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A Richer and Better Self Without the Excess Baggage

Wong Swee Nyun (middle) and his family became better persons thanks to the Dharma. [Photo by Sam Pin Fook]

Each book study session shone like rays of sunlight that rid the mist and cleansed the mind of ignorance. While this helped to calm the mind, it has also enabled Wong Swee Nyun and spouse, Chong Yan Moy, to see life in a new light, and they have emerged more wholesome through learning the Dharma.

 In December 2019, Wong Swee Nyun from Tzu Chi Entrepreneurs’ Group initiated book study sessions for the group in his community. To engage the members, he encouraged open and honest sharing of their concerns and thoughts on life, before diving into Dharma teachings inspired by Master Cheng Yen’s teachings and commentaries on the Lotus Sutra.

He was surprised that the open sharing prompted sound advice and encouragement, and negativity began to ebb away. This proved to be effective and meaningful, and the book study remained a much-anticipated activity for members even during the movement control order (MCO).

In March this year, when Swee Nyun learned that Tzu Chi KL & Selangor will be staging a musical adaptation of the Lotus Sutra, he and other members of the book study group decided to form a Dharma boat. To him, spreading the Dharma was an urgent task, for it was through the Dharma that he and his wife, Chong Yan Moy, were able to shift their mindsets and go through life calmly during the pandemic. He appreciated the fact that when one puts the Dharma into practice in daily life, one eventually becomes a better version of himself.

Wong Swee Nyun (1st from left) was glad to see the book-study group grow from a few members to over ten members now. [Photo by Lim Chin Tong]

◎ Failed as a father

In 2017, Yan Moy enrolled him in the Tzu Chi Global Entrepreneurs’ Camp held in Hualien, Taiwan. During the visit to Tzu Chi’s missions in Neihu, he heard so much about wholesome goodness, be it people, deeds or things. Upon his return, he joined Tzu Chi as a volunteer.

When he accompanied his child to the Tzu Chi Teenagers’ Class, Swee Nyun had the opportunity to hear other parents sharing their stories. Only then did he realize that he had given too little time for his children, as he was busy with his business.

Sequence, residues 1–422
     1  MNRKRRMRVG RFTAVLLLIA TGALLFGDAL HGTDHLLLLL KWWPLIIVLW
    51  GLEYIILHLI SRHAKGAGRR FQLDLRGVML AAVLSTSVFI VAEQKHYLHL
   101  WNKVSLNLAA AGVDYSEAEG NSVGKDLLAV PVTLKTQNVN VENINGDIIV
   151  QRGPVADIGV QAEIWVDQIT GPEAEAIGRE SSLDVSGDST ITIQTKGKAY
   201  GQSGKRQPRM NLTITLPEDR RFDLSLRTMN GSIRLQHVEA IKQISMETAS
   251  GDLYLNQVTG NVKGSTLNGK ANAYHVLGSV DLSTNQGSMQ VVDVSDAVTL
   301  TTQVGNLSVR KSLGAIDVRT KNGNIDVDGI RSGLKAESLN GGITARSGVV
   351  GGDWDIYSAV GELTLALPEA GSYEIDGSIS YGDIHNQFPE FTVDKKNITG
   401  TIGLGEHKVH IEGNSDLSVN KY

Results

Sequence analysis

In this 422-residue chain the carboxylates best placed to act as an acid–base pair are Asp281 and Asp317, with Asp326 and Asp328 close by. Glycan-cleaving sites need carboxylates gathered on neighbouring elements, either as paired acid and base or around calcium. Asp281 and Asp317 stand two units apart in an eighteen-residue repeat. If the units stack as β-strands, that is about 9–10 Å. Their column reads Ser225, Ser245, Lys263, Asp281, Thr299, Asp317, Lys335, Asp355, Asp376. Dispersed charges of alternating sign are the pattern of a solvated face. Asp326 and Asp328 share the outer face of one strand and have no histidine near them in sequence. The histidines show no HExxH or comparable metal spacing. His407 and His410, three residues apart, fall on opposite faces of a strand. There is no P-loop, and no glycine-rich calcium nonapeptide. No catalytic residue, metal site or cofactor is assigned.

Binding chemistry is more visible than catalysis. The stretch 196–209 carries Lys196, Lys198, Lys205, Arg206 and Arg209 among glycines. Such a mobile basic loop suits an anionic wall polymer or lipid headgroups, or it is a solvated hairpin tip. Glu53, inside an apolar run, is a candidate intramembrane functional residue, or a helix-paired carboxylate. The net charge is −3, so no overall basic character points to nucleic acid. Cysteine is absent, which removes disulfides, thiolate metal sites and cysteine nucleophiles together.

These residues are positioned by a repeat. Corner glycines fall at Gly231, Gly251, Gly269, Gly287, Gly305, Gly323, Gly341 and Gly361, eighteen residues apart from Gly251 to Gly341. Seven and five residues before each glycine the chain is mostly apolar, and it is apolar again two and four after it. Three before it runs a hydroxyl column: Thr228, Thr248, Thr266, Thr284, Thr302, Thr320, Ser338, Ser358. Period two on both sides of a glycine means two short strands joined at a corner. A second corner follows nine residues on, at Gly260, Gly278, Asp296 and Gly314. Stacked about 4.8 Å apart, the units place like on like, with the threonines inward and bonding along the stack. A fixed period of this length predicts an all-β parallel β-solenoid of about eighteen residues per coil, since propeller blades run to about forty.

He started to make amends. He learned to listen to what they had to say, and to see things from their point of view when communicating with them. By the time he took up the responsibility of organizing the book study sessions, he was able to see through the Dharma teachings that he had been a father who had failed in his role.

“Many years ago, I became angry when talking to my then 18-year-old eldest daughter and I slapped her. Now, I really feel sorry for my action. At that time, I decided to send her to the faraway land of Chile to study because I thought she was too stubborn.”

Although this daughter, Wei Ming, only went to study in Chile for one year, Swee Nyun had been feeling rather guilty. The time came for him to express his regret face-to-face with his daughter when she participated in one of the book study sessions. Wei Ming said that at that time, she was too eager to leave her family, and so agreed to go to Chile to further her studies.

Her revelation of her past feelings that the family once meant nothing to her shocked the father. What a fortunate action he had taken by changing his ways, to garner a change in her daughter’s thought about him, and the place called home. Wei Ming also apologized to her father. The father-child relationship was rekindled.

Learning the Dharma was an olive branch to the strained relationship between Wong Swee Nyun (2nd from left) and his eldest daughter, Wei Ming (1st from right). Picture shows the family of four attending a Tzu Chi event together. [Photo courtesy of Chong Yan Moy]

Interestingly, the more Swee Nyun learned about the Dharma, the more he gained. In March 2020, when the MCO was implemented, most businesses were forced to close temporarily. His credit card machine business was so badly affected that the turnover was zero for a period of time.

The MCO meant people had to stay home involuntarily. Swee Nyun said that if not for the Dharma that he had learned, he would have just confined himself in the room and focused on playing with his handphone, or worried about his business; and worse still, clashed with his family members. The Dharma had shown him the way, and he decided to make good use of the time at home to enjoy his family life.

Each day, he would proactively discuss with his children what to cook for meals. They would then go online to search for recipes, prepare the ingredients and do the cooking together. Interactions during such times became the source of joy and laughter. To his amazement, Swee Nyun realized that it was a period where he had spent the longest time with his children, and a time most memorable to him.

From his personal experience, Swee Nyun could tell that the book study sessions were platforms for heartfelt revelations of our deepest feelings and thoughts. It was also a medium through which the Master guided her followers to rid ignorance about the truth of life. He wished that more people could find their happiness through participating in this musical adaptation.